? A - Healthy control, ? - Sulfasalzine, C - SP-1, B -5-ASA, —L-Histidine, D-Colitis control

Fig. 4: Histopathological evaluation of TNBS- induced ulcerative colons.
Photomicrographs showing ulcerative colon, 4a- control, 4b- protection with 5-ASA, 4c- sulfasalazine and 4d- SP-1. Magnification 5X 20X.

Results and Discussion

The aqueous solubility of SP-1 was found to be 0.29 g/ml. The log P value of SP-1 was found to be 0.32, which is much lower than that of 5-ASA (log P: 0.64). The result of aqueous solubility determination of SP-1, is in accordance with its observed log P value. The higher aqueous solubility of synthesized prodrug would ensure that without getting absorbed in the upper GIT, it would pass intact into colon to deliver 5-ASA there. Kinetics of SP-1 in 0.05 M hydrochloric acid buffer (pH 1.2) showed negligible release of 5-ASA, whereas in phosphate buffer (pH 7.4), only 14% release was observed over a period of 6 h. Thus, the objective of bypassing the upper GIT without any free drug release was achieved. The kinetics was further studied in rat fecal matter, to confirm the colonic reduction of azo prodrug. The release followed a zero order kinetics, with t½ value of 163 min, and K value of 4.25×10-3±0.0001. Over a period of 6 h, SP-1 gave 85.61% cumulated release of 5-ASA. SP-1 showed comparable lowering of ulcer index as that of sulfasalazine, proving that similar to sulfasalazine, SP-1 also delivers 5-ASA specifically to colon, with very negligible release in upper GI tract. These results are consistent with the results obtained for in vitro release studies in HCl buffer (pH 1.2) and phosphate buffer (pH 7.4). After inducing the experimental colitis, the clinical activity score increased rapidly and consistently for the next 3 days, for all groups. All drug- receiving groups showed a decrease of inflammation severity, after a lag time of 24-48 h. The difference between the drug treated groups and colitis control group, became significant on day 9. During the whole treatment period of drugs, the clinical activity was lowered by free drug (5-ASA), sulfasalazine (prodrug of 5 ASA), and by SP-1 as well. On day 11 (24 h after the drug administration), the animals were sacrificed, & colon/ body weight ratio was determined to quantify inflammation. The prodrug- treated group, showed a distinct decrease in the colon/body weight ratio, compared to colitis control group (Fig. 3). The difference between free drug, sulfasalazine and synthesized prodrug, was not significant. During the evaluation of macroscopic damage of colon segments in colitis control and histidine treated groups, the colons appeared flaccid, and filled with liquid stool. The cecum, colon, and rectum, all had evidence of mucosal congestion, erosion, and hemorrhagic ulcerations. The histopathological features of these groups included transmural necrosis, edema, absence of epithelium, and a massive mucosal and submucosal infiltration of inflammatory cells. In vivo treatment with SP-1 resulted in the significant decrease in the extent and severity of colonic damage. Its histopathological features clearly indicated that the morphological disturbances associated with TNBS administration, were corrected by treatment with SP-1. These results were found to be comparable with those obtained for free 5-ASA, and sulfasalazinetreated groups. The data generated as an outcome of this work, demonstrates that this new prodrug has a remarkable ameliorating effect on the disruption of colonic architecture, and suppresses the course of TNBS-induced colitis, effectively. The criteria for selection of L-histidine as carrier has also proved to be correct, as this particular drug carrier system has effectively delivered 5-ASA to colon, bypassing the release of free drug in upper GIT. This strategy has proven its distinctive advantage of producing non-toxic, nutrient carrier, over the existing colon delivery strategy used in sulfasalazine. From the earlier discussion, it is quite natural to presume that the main objective of this work to synthesize safe prodrug of 5-ASA which is free from all the side effects of sulfasalazine and ulcerogenic tendency of 5-ASA, but still have comparable pharmacological activities of 5-ASA and advantages of sulfasalazine, is fulfilled. The field is further open for the study of the synthesized compound, with respect to its in vivo release studies, myeloperoxidase activity, ED50, LD50 determinations, and further clinical studies, to establish it as an efficient azo prodrug for IBD treatment.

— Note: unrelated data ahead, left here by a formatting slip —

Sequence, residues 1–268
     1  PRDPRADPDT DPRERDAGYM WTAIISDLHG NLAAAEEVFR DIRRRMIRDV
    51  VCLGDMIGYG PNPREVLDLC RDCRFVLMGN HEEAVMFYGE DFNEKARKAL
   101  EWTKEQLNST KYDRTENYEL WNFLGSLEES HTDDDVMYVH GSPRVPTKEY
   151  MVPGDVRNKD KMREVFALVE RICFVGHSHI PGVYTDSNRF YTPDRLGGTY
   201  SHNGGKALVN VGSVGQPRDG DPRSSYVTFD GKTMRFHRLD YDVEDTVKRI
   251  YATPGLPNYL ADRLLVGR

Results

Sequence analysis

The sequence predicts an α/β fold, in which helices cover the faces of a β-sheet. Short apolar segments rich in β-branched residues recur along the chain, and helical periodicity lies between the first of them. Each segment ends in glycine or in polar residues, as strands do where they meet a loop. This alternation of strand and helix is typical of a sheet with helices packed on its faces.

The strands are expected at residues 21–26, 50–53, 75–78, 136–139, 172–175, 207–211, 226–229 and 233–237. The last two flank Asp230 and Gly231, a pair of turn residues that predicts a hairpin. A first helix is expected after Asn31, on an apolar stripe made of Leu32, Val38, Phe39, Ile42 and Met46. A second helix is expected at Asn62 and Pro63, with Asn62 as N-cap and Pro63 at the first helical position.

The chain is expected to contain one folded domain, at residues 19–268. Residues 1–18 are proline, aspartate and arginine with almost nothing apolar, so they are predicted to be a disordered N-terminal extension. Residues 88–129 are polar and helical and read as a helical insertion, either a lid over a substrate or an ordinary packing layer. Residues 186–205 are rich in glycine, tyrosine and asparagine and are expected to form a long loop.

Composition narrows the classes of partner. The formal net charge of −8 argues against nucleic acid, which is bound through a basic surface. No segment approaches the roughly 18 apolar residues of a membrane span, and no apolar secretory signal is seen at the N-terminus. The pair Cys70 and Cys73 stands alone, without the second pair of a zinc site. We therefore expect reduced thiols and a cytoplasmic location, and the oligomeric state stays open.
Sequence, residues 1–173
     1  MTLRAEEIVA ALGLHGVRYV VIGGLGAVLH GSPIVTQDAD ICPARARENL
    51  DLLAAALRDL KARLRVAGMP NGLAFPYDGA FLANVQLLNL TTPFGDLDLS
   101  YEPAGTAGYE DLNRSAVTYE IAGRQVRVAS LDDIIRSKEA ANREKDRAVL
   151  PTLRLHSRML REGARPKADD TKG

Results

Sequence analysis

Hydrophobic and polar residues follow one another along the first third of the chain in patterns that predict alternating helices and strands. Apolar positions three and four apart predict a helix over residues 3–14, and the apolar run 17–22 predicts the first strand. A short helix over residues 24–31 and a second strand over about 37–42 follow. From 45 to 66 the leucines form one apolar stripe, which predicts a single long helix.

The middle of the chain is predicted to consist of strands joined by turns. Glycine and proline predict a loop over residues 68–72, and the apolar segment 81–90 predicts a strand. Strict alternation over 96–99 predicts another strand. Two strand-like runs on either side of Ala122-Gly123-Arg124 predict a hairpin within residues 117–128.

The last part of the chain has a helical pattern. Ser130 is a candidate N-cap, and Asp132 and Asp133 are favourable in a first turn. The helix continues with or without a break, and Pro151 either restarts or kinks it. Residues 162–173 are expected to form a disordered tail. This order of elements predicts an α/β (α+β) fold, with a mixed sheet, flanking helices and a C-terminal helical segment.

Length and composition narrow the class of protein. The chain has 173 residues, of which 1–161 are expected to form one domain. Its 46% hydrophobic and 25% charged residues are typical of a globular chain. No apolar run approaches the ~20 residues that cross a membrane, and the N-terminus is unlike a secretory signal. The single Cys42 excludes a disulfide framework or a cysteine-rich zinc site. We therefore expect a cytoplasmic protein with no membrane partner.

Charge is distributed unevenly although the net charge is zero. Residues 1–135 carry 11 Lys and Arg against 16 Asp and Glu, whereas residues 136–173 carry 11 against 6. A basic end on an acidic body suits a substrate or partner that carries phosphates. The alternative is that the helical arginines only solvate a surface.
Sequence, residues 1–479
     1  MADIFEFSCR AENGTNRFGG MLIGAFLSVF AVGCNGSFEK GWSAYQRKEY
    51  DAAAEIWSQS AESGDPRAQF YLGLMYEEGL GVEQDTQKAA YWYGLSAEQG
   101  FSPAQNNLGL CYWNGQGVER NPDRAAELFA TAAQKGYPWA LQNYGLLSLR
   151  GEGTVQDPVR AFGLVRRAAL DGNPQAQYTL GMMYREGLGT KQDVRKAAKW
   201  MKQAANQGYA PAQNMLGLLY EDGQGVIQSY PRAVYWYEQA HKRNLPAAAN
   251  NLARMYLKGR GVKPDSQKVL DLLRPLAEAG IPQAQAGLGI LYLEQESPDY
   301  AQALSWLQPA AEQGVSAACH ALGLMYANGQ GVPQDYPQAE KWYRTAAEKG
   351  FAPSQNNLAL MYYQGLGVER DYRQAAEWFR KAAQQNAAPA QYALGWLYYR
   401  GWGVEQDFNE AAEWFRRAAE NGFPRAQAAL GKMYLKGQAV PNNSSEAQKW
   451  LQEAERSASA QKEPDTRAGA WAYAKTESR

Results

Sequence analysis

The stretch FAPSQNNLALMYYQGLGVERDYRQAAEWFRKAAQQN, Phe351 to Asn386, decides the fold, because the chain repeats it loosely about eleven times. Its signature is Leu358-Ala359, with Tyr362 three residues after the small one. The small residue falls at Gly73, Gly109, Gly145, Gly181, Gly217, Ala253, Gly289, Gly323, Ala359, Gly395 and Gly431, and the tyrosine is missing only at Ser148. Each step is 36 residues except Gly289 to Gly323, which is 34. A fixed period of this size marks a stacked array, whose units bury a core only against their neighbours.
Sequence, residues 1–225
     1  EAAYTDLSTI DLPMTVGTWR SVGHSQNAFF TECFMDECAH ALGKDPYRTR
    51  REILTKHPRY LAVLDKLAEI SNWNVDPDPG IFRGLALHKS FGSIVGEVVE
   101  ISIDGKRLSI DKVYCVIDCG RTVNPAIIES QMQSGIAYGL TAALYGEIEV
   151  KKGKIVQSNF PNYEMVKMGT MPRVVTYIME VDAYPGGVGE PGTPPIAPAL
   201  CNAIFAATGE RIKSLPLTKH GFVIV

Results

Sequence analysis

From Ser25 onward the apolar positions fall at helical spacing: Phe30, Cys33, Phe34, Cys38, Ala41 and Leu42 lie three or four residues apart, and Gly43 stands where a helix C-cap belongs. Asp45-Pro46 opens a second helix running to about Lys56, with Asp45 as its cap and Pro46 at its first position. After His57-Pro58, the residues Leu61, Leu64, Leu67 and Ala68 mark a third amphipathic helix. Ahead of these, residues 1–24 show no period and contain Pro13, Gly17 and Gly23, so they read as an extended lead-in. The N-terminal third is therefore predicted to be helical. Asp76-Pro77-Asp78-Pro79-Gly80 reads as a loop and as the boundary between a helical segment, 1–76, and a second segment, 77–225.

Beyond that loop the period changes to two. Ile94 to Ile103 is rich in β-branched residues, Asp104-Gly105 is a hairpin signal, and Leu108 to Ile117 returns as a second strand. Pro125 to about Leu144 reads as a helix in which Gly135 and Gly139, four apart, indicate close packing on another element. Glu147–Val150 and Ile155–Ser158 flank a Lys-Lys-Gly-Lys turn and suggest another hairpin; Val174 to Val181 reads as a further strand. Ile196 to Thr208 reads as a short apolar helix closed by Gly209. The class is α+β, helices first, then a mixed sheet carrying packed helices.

Acknowledgements

Authors thank the AICTE for providing financial assistance and to Wallace Pharmaceutical Pvt. Ltd., Goa, for providing the gift sample of sulfasalazine.

References